Top 5 nootropic adaptogens to conquer anxiety and stress

    Adaptogens are substances that have a natural origin and act to regulate metabolism in the human body. These adaptogens are able to adapt to the body’s needs as it interacts with the adrenal system of the body that manages the response to stress. While nootropics are often used to increase or decrease certain chemicals in the body, adaptogens are used rather to normalize the level of chemicals throughout the body. Research shows that nootropic adaptogens are successful in increasing cognitive functioning, stabilizing moods and improving concentration and stress levels.

    1. Ginseng

    Panax ginseng is an adaptogenic and part of the subgroup actoprotectors, which are believed to decrease the effects of stress while enhancing vitality. As an actoprotector, ginseng acts to improve the brain’s blood circulation and improves the growth of normal cells to strengthen the immune system – both processes that help alleviate stress and anxiety. Ginseng is most effective when taken in the correct dosages which usually range between 100-200mg per day. Always consult a physician for individual dosage needs as side effects could include hypertension, restlessness and disrupted bowel movements.

    2. Ashwagandha

    Ashwagandha is an Ayurvedic traditional medicine, also known by the name Indian Ginseng and Indian Winter cherry. This research study shows that it increases energy levels and endurance, while working against exhaustion and fatigue that often heighten conditions of anxiety and stress. In the same study, it was shown to induce an anxiolytic effect to lower anxiety levels experienced in unfamiliar and social environments. It also provides additional benefits in its anti-inflammatory properties, and just 3-6 grams of dried Ashwagandha root per day can have a drastic effect in decreasing stress levels. This nootropic adaptogen is safe for use by children in tonic form, while the dried root can be taken by adults and seniors alike.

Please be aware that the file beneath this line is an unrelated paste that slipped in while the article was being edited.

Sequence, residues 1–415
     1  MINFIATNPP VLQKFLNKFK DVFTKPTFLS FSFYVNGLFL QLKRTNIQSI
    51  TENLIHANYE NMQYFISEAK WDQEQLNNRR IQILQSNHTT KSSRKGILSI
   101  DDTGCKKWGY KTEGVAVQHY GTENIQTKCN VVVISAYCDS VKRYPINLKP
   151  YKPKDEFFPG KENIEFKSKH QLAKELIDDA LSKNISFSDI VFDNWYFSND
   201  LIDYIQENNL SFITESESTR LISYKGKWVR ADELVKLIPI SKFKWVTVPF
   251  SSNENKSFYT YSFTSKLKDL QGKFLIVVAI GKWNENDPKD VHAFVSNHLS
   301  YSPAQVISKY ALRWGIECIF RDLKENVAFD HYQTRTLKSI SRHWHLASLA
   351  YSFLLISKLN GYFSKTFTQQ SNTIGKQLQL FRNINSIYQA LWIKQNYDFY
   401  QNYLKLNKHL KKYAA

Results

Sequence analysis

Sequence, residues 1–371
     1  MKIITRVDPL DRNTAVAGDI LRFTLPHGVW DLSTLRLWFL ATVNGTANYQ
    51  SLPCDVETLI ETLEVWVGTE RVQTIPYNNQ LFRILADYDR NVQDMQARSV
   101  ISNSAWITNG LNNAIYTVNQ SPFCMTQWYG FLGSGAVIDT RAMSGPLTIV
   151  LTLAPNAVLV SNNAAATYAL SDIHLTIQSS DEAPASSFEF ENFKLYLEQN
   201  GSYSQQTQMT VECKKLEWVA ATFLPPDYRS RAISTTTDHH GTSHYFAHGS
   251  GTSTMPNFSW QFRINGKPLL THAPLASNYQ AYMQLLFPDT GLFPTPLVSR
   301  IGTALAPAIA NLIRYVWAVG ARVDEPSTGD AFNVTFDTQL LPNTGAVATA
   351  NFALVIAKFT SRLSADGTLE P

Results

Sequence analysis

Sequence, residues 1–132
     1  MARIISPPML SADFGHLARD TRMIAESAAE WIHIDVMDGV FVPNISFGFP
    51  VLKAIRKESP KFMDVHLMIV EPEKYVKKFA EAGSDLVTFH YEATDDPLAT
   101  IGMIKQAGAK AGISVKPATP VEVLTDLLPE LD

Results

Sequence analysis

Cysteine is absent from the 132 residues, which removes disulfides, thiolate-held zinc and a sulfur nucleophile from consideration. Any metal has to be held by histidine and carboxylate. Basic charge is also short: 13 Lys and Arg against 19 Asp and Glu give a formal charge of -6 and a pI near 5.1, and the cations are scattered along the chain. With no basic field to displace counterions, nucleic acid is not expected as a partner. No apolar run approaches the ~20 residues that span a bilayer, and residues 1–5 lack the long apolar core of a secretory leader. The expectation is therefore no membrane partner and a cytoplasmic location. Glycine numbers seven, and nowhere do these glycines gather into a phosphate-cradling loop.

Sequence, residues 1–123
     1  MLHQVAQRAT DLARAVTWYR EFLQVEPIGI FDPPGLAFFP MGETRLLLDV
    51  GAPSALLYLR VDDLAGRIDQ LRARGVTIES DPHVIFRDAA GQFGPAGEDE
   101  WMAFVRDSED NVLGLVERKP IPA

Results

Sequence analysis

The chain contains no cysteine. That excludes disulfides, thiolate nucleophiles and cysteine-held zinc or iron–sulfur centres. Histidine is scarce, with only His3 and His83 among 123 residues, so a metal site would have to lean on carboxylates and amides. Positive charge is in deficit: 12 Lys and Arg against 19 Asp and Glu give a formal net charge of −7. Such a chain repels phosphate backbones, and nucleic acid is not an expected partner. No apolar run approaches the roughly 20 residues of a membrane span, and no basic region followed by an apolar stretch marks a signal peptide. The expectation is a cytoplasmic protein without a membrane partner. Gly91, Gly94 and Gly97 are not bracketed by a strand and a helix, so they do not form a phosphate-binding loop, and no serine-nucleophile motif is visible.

3. Rhodolia Rosea

    Rhodolia is another medicinal nootropic adaptogen that is taken in root form. Clinical trials performed on rats showed that low dosages of Rhodiola rosea administered over a three-week period showed a recovery to normality from induced states of depression. This can be attributed to the phytochemicals contained within Rhodiola that inhibit enzymes which break down serotonin. It is shown to serve as a vehicle for better transportation of serotonin throughout the brain.

    4. Lemon balm

    Lemon balm, also known by its scientific name Melissa officinalis, is part of the mint family. Like its namesake, the leaves have a lemon aroma that produces calming effects. Lemon balm is a popular nootropic that aids in reducing symptoms of anxiety including restlessness, insomnia and fatigue. Lemon balm extract and oil can be added to dishes or used for flavouring, and can also be inhaled as an aromatherapy treatment. A dosage of 600 mg per day is thought to induce a calmer state in adults.

    5. Mucuna Pruriens

    This nootropic adaptogen,also known as the velvet bean, is a herbal drug popular in the ancient Ayurveda medicinal tradition. Velvet beans originate from southern China and eastern India, with the plant having several purposes beyond its adaptogenic properties: the pods are safe for human consumption, while young leaves of the plant are used as animal feed. This study shows that Mucuna Pruriens improved sperm count in infertile men over a three-month period, with a significant reduction in levels of psychological stress. It also encourages neural activity and stabilizes cognitive functioning to effectively lower stress and anxiety levels.

    There are definite advantages to employing Adaptogens to tackle issues with anxiety and stress. When it comes to adding any new medicine or treatment into your life, even those of natural origin such as Adaptogens, it pays to be careful during the initial introduction phase until you are sure that you know the dosages that work best for you.

    As for how often to take these treatments, again this is really going to depend on your own body chemistry. Whilst some people will suggest that Adaptogens are best reserved for big, one off events such as high anxiety around exam time or a busy period at work, many people also happily take them daily to provide effective and long term protection.

    No matter how you use them though, you can rest assured that you have found an excellent, all natural and time honored method to combat stress and anxiety.

    Marcus Clarke
    Marcus Clarke
    Marcus has a degree in psychology, a master’s degree in health psychology and has worked within the NHS as well as private organisations. Marcus started psysci a psychology and science blog in order to disseminate research into bitesize, meaningful and helpful resources.

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